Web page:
The farm collectives … once centerpieces of the Communist era … are no more. The buildings remain but few are used. These buildings … along with rusting farm machinery … have long since lost their glitter and their usefulness.
Today, combines harvest the wheat as they roar across the fields and huge tractors plough large swaths of wheat stubble in preparation for next season’s planting. Occasionally, the horse-drawn wagon makes its way down the highway giving little notice to cars speeding by.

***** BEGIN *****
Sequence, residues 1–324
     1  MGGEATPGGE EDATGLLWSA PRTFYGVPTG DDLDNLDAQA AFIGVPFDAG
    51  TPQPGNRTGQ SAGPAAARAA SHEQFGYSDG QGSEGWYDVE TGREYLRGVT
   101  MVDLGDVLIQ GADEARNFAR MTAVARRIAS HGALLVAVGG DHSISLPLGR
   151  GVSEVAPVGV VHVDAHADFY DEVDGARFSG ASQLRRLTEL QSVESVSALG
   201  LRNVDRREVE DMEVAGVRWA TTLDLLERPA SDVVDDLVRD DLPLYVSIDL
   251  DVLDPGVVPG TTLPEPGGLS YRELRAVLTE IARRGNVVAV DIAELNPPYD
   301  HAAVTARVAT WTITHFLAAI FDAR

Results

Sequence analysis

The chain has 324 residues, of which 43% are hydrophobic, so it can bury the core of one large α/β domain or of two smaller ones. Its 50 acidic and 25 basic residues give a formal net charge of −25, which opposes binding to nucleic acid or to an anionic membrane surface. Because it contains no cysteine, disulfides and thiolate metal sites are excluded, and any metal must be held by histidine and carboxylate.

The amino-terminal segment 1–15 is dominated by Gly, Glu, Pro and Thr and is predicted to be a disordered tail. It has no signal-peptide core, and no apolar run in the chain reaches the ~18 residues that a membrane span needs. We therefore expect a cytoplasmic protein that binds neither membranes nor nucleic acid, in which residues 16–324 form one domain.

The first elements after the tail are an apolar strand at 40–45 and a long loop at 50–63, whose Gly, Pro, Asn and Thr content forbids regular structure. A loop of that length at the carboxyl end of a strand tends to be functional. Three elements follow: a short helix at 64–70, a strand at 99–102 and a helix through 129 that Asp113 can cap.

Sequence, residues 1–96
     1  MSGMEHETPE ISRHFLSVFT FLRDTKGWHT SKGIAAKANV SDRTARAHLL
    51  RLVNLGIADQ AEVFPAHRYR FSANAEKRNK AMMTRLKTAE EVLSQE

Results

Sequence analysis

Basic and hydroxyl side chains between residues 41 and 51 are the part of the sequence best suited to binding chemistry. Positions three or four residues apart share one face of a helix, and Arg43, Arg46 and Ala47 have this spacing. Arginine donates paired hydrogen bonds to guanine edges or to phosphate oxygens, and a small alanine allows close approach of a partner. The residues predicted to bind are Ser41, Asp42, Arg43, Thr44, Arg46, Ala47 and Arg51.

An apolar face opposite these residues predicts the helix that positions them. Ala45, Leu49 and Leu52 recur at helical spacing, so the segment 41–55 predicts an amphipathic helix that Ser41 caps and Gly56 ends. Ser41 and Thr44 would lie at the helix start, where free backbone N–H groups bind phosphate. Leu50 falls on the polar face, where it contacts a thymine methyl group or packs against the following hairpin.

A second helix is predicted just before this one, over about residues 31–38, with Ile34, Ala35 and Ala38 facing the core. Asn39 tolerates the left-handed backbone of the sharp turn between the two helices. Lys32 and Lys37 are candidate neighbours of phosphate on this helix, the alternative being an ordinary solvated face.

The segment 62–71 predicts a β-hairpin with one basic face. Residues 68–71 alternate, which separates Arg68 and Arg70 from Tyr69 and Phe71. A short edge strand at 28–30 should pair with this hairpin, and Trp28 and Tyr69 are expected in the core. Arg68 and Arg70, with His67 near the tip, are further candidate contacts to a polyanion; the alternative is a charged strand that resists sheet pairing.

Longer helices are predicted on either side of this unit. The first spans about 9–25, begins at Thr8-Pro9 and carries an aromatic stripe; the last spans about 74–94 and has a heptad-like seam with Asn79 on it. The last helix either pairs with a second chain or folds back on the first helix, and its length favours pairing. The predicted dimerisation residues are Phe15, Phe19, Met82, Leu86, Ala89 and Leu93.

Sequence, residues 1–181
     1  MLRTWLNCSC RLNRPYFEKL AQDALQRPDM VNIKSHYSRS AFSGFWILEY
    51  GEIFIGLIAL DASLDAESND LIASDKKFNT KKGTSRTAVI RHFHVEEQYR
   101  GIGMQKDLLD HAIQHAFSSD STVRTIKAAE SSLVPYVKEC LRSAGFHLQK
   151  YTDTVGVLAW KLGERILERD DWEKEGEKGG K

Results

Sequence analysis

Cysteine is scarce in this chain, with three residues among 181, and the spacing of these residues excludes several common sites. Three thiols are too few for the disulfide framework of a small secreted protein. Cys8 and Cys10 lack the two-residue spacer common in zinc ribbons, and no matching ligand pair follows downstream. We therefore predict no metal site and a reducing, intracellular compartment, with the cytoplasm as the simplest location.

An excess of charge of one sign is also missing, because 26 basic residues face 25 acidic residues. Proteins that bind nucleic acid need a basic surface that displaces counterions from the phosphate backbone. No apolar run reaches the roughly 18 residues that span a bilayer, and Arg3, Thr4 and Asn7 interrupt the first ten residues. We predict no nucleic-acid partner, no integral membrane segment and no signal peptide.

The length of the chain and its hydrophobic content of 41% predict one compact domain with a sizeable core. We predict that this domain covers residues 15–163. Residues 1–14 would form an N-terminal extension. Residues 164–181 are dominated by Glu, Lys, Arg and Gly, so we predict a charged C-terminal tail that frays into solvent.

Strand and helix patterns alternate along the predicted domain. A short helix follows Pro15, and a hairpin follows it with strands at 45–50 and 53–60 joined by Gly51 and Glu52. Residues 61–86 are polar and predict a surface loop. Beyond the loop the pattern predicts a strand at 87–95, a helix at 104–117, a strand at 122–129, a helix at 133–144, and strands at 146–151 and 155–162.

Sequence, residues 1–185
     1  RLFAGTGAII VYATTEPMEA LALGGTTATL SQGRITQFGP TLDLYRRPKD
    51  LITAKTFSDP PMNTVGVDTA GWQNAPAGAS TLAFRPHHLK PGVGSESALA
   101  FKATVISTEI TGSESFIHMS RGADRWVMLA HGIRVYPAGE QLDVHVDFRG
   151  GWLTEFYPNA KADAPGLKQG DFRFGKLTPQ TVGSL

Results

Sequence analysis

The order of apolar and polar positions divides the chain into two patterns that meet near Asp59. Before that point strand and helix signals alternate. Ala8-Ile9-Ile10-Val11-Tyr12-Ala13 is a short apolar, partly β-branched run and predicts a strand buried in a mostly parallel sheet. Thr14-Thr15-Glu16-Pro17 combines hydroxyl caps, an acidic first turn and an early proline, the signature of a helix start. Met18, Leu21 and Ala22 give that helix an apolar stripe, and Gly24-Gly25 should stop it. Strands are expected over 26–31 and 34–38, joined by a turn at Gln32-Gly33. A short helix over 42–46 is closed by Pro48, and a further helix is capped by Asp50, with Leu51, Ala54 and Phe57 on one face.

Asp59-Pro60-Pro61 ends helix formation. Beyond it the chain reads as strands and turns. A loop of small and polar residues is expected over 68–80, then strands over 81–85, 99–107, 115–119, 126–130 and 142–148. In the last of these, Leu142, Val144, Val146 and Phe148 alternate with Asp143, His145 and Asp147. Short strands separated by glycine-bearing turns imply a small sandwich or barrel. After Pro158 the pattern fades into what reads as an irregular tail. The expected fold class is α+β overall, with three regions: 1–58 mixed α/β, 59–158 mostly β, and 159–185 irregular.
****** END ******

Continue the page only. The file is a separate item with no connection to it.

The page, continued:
Hope for the rural lifestyle is hard to find but perhaps it is embodied in this lady as she milks the family cow.
Segment of milking cow …
Religious beliefs match that of the ethnic background of the people. For the most part, the Russians claim the Orthodox Church and the Bashkirs and Tatars are Sunni Hanafi Muslim. Still because of Lenin’s insistence that there is no God, an ambivalent attitude toward religious beliefs remains throughout Bashkortostan. Attendance and corresponding allegiance to their traditional beliefs is very low. Few put their trust in God and …fewer still … possess the true hope provided only in Jesus Christ. Instead they seek comfort in ritualistic prayers.